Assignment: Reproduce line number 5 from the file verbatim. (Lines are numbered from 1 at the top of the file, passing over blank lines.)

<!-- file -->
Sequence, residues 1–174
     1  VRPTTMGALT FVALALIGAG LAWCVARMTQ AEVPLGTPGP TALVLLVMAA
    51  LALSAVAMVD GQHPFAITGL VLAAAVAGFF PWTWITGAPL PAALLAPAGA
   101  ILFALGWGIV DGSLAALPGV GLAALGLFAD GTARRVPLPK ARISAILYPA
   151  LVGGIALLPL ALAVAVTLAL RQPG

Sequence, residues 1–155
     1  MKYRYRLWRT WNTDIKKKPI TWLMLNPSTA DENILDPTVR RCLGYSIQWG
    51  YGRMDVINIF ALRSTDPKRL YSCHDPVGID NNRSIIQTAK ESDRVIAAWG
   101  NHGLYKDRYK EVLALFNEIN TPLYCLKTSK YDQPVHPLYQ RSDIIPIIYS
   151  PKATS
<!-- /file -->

   151  LVGGIALLPL ALAVAVTLAL RQPG